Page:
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Underwater Wakulla- May 11, 2017

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After Certification By GREGG STANTON

After Certification

Over 80 percent of newly certified divers, never dive again. I suppose it’s a bucket list thing. It may also be a lack of opportunity. Find opportunity.

Now that we are training new divers again this summer, the next student question I get is where do I go next? If you lived near more tropical waters like Hawaii, the Caribbean or the Florida Keys, the answer is simple: Just Dive! Most dive opportunities there are right off the beach. Many coastal communities have dive clubs. That not only can point the way, but provide maritime social outlets as well. Around here, there are more advanced divers who own boats and often seek additional participants occupants since diving is a social event.

Dive clubs are found in Tallahassee. I am most familiar with the Seminole Dive Club out of Florida State University. The Tallahassee Friends Dive Club may also be available. on Facebook. The Wakulla County Dive Club became very specialized to cave diving and may be dormant at this point. Regardless, after certification is complete, new dive students need to work on skills.

This past Monday I went off shore with folks that were rusty with their diving skills. We reached 60 FSW, made one short dive and returned to the dock by 1 p.m.  It was a great day. We had configuration issues, ears the were sluggish to clear, an anchor that slipped, navigation challenges, current fishing regulations not on board, sea sick surface support, all well exceeding the three “oh s___ts “rule.  But we did see a boost in confidence, which made the day worthwhile.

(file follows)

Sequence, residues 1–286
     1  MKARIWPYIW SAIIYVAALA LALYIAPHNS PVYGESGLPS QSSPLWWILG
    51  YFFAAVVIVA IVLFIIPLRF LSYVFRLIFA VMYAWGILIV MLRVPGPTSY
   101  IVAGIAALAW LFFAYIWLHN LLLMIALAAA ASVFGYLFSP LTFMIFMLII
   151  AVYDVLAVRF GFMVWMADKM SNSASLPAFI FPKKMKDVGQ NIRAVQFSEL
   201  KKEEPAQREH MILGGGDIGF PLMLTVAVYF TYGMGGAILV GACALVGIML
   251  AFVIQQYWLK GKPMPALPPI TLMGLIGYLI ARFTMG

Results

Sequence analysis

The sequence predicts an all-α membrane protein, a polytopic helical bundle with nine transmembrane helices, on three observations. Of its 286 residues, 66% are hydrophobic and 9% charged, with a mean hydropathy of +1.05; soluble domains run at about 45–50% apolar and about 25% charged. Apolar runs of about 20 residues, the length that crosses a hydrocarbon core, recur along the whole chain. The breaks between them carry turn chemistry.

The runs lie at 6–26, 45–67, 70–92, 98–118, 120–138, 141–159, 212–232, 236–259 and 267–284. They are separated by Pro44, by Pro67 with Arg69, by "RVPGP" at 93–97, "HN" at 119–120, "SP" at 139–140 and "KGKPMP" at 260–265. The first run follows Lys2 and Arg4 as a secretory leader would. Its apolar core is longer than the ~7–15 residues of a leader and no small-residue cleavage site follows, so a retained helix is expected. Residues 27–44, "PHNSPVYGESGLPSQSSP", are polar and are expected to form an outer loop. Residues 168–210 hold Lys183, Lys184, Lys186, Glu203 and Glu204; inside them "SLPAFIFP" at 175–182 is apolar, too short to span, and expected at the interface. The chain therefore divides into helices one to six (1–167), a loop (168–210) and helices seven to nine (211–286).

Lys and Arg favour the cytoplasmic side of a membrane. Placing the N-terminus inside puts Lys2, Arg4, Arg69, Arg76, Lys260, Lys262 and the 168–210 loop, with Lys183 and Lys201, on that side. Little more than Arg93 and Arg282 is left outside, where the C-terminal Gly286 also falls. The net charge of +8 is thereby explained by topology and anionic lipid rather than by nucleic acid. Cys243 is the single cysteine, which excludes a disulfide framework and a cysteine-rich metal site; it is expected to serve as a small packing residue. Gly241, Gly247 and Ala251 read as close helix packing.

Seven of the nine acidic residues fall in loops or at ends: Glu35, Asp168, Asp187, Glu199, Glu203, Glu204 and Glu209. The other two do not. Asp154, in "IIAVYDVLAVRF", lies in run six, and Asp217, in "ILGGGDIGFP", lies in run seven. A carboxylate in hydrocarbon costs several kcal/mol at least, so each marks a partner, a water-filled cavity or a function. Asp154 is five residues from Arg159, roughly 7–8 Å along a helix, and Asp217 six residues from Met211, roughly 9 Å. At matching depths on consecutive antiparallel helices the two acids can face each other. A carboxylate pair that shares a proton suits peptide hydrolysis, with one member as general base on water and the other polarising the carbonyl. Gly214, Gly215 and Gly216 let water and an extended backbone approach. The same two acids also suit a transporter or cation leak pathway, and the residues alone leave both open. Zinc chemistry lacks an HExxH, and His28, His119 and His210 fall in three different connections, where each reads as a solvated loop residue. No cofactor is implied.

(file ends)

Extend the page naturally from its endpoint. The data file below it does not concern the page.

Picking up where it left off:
When I lived closer to the Florida Keys, I would load up the truck with who ever was willing and drive down for a weekend of diving. There are more dive shops clustered in the Keys than anywhere in the country. Be sure to take your certification card and your dive log. Most diving is done from a boat, but there are backwaters and canals that are interesting. Just find any excuse to dive!

Of course we can drive 100 miles to Panama City. Except for the Jetties, most diving is also done from a boat. Panama City has artificial reefs in abundance, but all require boats to get to them. Schedule a ride on one of them after reviewing the weather and securing a place to stay. If diving the Jetties one day, also check the tides to align your twin dives to the peak slack of the high tide.

Access to Bimini Bahamas east of Miami has become faster (2 hours) and less expensive now that they have a shuttle boat that costs $105 for a day trip. It’s called the Bahamas Fast Ferry. Check out the dive options once at this small island. You may want to stay for a few days! Dive shops have boats and instructions for shore dives. Since you are at sea level, there is no waiting to fly challenges before taking your ride back to Miami.

 http://gobahamasplus.com/bimini-fast-ferry-service-from-miami-to-bimini-bahamas/